How to avoid
There's nothing wrong with waiting behind a big vehicle like this at a junction. You'll lose hardly any journey time, and have a big boost in safety. I will quite often wait in the middle of the lane behind the first or second car in a queue of traffic at the traffic lights anyway, rather than pushing right through to the front. This is recommended practice in Cyclecraft, and in my experience is an excellent and safe way to cross a junction with minimal conflict and stress from motor vehicle drivers.
Be very careful of filtering up a queue on the left hand side of traffic (here in the UK where we drive on the left). Quite a few London bendy busses have a sign warning cyclists not to overtake on the left (well, undertaking). The pun in the word undertaking for that manoeuvre should be heeded. Elsewhere I've seen things like "Left side = suicide, right side = overtaking side". Unfortunately most cycle lanes encourage cyclists to ride in this position, which is one of many good reason not to use them.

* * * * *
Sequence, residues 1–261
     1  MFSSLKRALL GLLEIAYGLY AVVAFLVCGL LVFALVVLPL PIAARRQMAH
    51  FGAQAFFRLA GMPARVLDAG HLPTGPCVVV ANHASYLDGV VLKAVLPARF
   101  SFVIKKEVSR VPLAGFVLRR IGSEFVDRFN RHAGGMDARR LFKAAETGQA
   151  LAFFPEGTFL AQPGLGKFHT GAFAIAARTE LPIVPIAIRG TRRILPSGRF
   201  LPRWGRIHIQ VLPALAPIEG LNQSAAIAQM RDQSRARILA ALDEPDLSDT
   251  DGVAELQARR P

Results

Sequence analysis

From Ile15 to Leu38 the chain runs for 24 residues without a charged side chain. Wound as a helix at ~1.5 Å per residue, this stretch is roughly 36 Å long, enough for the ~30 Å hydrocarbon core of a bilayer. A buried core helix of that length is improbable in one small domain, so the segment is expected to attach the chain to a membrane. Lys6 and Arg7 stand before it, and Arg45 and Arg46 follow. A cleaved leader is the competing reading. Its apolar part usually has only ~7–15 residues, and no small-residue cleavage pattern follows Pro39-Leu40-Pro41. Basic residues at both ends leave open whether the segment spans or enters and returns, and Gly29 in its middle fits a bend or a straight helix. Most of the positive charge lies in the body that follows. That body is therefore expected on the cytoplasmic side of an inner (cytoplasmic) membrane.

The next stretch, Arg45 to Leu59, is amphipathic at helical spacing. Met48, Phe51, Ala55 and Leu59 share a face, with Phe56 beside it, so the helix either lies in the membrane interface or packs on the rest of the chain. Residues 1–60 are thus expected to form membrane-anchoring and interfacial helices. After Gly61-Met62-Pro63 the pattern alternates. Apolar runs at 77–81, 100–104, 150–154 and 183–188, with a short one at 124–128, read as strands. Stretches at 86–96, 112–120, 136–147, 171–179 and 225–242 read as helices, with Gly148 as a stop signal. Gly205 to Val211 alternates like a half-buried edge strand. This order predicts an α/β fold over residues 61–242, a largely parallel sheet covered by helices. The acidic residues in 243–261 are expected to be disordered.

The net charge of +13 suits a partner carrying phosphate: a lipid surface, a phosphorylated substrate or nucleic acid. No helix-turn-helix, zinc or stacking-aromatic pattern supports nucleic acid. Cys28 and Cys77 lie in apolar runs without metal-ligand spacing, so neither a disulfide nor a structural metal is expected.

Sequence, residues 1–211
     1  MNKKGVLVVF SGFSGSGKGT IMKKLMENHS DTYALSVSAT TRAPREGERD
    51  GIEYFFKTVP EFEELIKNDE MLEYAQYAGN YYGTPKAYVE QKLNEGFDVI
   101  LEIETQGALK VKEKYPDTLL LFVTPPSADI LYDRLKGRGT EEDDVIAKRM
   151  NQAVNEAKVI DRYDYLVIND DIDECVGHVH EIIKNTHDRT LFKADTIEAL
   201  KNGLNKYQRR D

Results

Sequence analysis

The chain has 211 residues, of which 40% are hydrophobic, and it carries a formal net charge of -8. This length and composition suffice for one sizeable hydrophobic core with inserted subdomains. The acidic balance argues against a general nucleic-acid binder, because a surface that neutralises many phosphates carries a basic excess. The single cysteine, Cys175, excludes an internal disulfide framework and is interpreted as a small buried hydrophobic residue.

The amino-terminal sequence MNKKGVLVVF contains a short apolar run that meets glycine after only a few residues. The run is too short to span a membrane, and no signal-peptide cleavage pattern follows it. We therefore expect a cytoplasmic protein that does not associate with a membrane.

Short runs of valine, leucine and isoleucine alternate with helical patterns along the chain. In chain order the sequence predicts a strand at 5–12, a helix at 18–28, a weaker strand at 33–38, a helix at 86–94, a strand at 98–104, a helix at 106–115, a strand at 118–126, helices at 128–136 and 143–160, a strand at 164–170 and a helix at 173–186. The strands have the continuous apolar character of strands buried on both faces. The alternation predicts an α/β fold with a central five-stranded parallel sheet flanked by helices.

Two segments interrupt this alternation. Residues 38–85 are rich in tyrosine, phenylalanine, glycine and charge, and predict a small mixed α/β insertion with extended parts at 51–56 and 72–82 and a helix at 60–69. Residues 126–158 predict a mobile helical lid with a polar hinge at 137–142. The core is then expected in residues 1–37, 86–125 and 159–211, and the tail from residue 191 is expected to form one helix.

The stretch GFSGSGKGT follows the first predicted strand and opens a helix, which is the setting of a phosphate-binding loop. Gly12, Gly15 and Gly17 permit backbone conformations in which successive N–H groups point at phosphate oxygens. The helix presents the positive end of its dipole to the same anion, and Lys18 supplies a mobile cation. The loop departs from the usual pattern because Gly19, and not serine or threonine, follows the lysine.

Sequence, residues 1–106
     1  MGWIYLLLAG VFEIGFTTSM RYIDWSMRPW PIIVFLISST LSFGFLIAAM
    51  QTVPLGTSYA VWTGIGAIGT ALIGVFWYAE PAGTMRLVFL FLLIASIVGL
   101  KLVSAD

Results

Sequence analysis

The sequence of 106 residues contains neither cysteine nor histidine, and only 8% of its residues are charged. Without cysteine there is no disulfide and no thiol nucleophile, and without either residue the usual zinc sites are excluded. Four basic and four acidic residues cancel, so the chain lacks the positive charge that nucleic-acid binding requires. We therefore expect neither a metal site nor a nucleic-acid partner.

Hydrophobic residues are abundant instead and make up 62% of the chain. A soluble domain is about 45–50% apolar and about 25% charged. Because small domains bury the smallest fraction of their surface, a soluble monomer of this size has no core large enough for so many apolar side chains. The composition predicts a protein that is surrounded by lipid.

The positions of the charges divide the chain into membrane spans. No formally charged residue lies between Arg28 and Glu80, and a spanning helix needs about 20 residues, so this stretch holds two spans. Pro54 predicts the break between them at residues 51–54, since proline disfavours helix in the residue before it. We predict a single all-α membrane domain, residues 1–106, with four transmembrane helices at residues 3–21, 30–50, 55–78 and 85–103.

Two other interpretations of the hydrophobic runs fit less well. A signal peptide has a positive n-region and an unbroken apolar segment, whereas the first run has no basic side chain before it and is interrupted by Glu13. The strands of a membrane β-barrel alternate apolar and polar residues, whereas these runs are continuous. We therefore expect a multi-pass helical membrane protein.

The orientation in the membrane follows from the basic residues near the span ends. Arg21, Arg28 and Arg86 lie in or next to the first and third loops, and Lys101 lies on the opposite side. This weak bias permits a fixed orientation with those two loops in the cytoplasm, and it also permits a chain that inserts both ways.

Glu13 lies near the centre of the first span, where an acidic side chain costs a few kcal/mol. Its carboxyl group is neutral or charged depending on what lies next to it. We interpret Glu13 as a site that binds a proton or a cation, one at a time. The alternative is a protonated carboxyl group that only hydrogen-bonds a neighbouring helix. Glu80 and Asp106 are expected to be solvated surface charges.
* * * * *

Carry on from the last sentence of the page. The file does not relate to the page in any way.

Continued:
I would personally do almost anything necessary to avoid being on the left hand side of a large vehicle in a danger situation like this. I pass these vehicles with great care, and then only when I'm certain I can make it in front of them before they will move off. If I'm not certain, then I'll wait behind them.
Overtaking, not undertaking